Julia Stiles falls for a royal in The Prince & Me
Julia Stiles plays a dedicated, hard-working, serious college student, intent on graduating and making something of her life in The Prince & Me, a romantic tale directed by Martha Coolidge.
According to director Coolidge, it was Stiles' intelligence and ability to empathize with the character that sold Coolidge on casting Julia in this role. "Julia understands the issues Paige is up against. She's very savvy about the character and knows the conflict between the emotions and intellect that young women who are seeking careers face."
Romantic comedies have a certain formula. How do you make one standout?
How do I make a romantic comedy standout? You know, I don't really see this as a romantic comedy. That sort of label definitely has a negative spin to it. I feel like my intention with the movie all along and Martha's [Coolidge] and the studio' was to make like a romance, almost like the classic love stories from the 1950's. And certainly there are funny moments in the movie, but when I think of a romantic comedy, I think of...I don't know. I think of more like written jokes, slapstick almost.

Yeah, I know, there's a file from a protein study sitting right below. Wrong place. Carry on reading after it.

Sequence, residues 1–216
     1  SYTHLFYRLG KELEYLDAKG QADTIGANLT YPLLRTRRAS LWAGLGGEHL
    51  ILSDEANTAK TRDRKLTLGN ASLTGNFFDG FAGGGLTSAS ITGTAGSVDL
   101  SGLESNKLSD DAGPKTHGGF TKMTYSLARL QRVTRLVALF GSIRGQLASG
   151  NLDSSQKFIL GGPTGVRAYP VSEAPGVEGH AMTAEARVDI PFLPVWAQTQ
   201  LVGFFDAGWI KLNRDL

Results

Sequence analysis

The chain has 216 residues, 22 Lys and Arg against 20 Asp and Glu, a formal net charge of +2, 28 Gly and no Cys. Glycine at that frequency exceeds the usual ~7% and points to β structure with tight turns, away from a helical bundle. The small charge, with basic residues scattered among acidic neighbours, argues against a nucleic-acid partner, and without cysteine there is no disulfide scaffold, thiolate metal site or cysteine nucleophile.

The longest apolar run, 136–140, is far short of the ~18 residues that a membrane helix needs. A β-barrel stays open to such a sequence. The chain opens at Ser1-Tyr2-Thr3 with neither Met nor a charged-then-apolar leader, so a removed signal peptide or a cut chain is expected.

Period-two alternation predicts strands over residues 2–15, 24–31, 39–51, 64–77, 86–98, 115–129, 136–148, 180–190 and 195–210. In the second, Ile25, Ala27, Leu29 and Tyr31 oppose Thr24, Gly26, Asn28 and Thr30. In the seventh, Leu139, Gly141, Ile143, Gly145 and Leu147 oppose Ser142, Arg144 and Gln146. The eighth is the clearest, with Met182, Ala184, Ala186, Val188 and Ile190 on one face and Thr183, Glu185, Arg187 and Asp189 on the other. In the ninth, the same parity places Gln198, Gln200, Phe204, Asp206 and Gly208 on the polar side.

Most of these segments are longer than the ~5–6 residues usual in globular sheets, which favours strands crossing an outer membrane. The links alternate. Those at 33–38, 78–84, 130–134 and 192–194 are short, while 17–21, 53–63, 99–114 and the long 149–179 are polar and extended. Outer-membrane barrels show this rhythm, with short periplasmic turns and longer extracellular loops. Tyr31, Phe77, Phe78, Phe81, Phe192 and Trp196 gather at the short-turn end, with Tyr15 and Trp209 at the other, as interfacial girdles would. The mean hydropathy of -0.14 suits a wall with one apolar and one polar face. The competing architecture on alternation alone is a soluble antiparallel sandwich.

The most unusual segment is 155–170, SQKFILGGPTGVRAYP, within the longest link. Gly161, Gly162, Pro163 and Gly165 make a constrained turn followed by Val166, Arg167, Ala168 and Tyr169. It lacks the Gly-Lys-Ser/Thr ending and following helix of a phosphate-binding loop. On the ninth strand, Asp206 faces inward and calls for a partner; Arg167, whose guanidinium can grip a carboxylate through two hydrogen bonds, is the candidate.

Why do you think that names has such a negative connotation?
Because it's become like a meaningless phrase. Everything gets labeled a romantic comedy if it has romance in it or a joke. Am I wrong?
Do you think this is more fantasy?
Yeah. You watch two people fall in love and connect. It's the tried and true story of two people from different walks of life connecting on a really deeper level. There is a fantasy element to it and fairy tale element to it, but what's nice is that my character is really grounded and real and is believable, hopefully, if I did my job. It's not a repeat of Cinderella stories.
Would you leave school for your true love?
I don't think that I'd have to leave school. I think that whoever I fell in love with truly would want me to stay in school.
But under the same extreme circumstances as the movie?